A guest post by Anita Chowdry
My last few workshops on shell gold have been particularly rewarding as my participants have all been up for doing a little extra research and experimentation, which has had the effect of pushing forward my experience as well as theirs. Most participants are motivated to attend because of their frustration with using pre-prepared shell gold, which is invariably too coarsely ground to be useful for detailed work or calligraphy.
The process that I teach is based on my experiences with an Indian gold-master in Jaipur. Mr. Patel’s workmen hand-beat 24 carat gold foil into very fine gold leaf. Working their mallets all day, they fill the neighbourhood with the music of their hammering. In the early 1990s, Mr Patel would personally grind this leaf into pigment of the finest division, such as was used four centuries previously in the production of illuminated manuscripts in India and Iran.
For my workshops I use leaf from Cornellissen’s or Habberley Meadows, which, as any gilder knows, is also available in a variety of shades. Fine 24 carat gold or silver are preferable for grinding into shell gold, on account of the softness of the pure metals. I have found that only the friction of the hand against a mucilage of honey is acceptable for grinding up the leaf – any mechanical means such as a mortar and pestle, or muller and glass, introduce particles of their own material into the gold, by which it is irretrievably adulterated.
We use a rather “industrial” method to process up to two entire books of leaf at a time, introducing the leaves one by one using the side of the hand as a carrier, and the up-draught to bring them down flat onto the mucilage. It takes a few seconds to coarsely grind each leaf into the honey before introducing the next one. It is a more robust approach to that followed by many schools in Istanbul, for example, where students are encouraged to use only the tips of their fingers and a small amount of gum Arabic. I personally doubt whether craftsmen in the royal ateliers of the past would have wasted time on such delicacy, considering the intensity of labour required, and the sheer quantities of shell gold that were consumed in the production of elite manuscripts.
The glorious messiness of it all was recently captured in these photographs taken by Dr. Elizabeth Savage from the John Rylands Library.
Gold leaf breaks up very easily, and it takes a short while to reduce the particles to the size you get in commercially available gold powder. To get a really fine division you need to rub the mixture hard for at least a couple of hours. After that there is a process of washing and filtering to remove the honey. There is an almost sensual pleasure in swirling about the soft gold particles in clean water, and it looks beautiful at this stage!
I would be very interested if somebody could undertake to measure the particle size of a few samples, and compare them to the particles on a royal quality 16th century manuscript.
Achieving different shades: Alloys versus mixtures
Painters and illuminators of Islamic manuscripts favoured a lavish use of ground fine gold with a gum Arabic medium over the application of gold leaf, perhaps because it matched the greater flexibility of paper as opposed to vellum. Silver was also used, as well as different shades of gold, the latter being achieved by mixing or alloying gold with other metals.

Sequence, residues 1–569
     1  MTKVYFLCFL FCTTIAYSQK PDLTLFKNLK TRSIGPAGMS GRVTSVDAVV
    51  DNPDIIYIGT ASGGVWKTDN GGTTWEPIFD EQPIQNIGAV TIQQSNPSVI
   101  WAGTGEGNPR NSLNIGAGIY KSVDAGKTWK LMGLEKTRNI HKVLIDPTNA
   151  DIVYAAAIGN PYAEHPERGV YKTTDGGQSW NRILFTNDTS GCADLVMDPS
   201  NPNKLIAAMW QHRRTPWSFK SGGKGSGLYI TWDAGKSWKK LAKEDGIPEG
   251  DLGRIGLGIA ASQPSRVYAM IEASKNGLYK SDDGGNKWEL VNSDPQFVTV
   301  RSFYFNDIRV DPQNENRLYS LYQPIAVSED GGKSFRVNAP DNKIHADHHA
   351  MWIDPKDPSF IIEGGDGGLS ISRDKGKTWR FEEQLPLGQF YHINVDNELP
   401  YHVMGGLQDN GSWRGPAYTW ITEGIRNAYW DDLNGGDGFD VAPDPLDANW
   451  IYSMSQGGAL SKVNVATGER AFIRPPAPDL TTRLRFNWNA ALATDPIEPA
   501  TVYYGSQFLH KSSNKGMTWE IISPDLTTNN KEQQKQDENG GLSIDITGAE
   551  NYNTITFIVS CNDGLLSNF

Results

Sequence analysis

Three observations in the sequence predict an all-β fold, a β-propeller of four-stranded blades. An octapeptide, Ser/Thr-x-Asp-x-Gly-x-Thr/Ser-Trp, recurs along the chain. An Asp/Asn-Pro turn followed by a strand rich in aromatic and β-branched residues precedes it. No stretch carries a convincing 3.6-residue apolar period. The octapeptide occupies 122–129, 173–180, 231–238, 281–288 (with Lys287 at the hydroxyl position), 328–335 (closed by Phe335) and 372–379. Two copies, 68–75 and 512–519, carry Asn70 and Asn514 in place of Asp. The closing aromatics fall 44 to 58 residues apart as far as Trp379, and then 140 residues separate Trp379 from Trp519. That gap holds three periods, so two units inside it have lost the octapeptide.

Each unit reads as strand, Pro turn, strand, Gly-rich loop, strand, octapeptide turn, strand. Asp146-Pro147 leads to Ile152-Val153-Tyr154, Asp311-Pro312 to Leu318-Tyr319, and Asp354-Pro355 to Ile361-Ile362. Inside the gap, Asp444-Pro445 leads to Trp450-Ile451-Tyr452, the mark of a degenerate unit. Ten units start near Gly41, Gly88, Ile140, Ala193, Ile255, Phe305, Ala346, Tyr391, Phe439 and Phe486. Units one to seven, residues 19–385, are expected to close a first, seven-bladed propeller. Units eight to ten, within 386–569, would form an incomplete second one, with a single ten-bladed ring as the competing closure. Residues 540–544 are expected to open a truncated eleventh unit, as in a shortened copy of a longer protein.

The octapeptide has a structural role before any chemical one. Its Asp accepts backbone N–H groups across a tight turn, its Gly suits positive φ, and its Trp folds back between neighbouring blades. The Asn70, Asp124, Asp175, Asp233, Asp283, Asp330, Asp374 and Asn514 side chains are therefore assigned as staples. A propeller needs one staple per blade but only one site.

I am intrigued by the matter of alloys. In the “A-in-i Akbari“, Abu-L-Fazl Allami’s account of the administrative institutions of the 16th century Mughal emperor Akbar, there is a detailed section about the preparation of precious metals for the royal mint. The assaying and purification of gold and silver by processes of cupellation were evidently highly evolved, as was the making of carefully graded alloys. Gold, silver and copper are mentioned as the principal components of precious alloys, with the possible addition of lead, which was certainly a component of the purification process of silver but which may also have been introduced into some alloys.
This leads to a question as to whether the different shades of gold that appear in historical manuscripts were achieved by using alloyed leaf, or whether pure metal leaf (fine gold, silver and copper) was first ground to powder and then mixed together to produce the desired shades.
Elizabeth Savage and I experimented with achieving a version of moon gold. We started by grinding up a whole book of silver, and then slowly introduced gold leaves until we got a delicate champagne colour.
For my own work I often use white gold instead of pure silver, which I achieve by mixing ground silver with a small quantity of gold in a palette – it still looks like a warm silver, but it seems that the natural oxidation process of the silver is then slightly inhibited. However the mixture is still composed of discrete particles of gold and silver, and one would expect the silver particles to oxidize in any case. Would it be more successful if one ground up an alloy of the two metals?
I am somewhat vexed by the issue of silver in Persian and Mughal manuscripts. Why did the craftsmen use pure silver over several centuries, in the sure knowledge that it would turn black, when they had the means to create an almost identical and more stable shade by using an alloy? Conversely, was lead ever deliberately added to silver in order to achieve darker metallic shades for details like armour or dark areas of water? It is worth noting that tin was also used in some vernacular schools, possibly as a substitute for silver, though I am not sure when that practice began.
A final word on silver – I have found that a very thin layer of diluted glair applied over areas of burnished silver almost entirely inhibits oxidation (I have an example I created nearly 20 years ago, and it has not changed).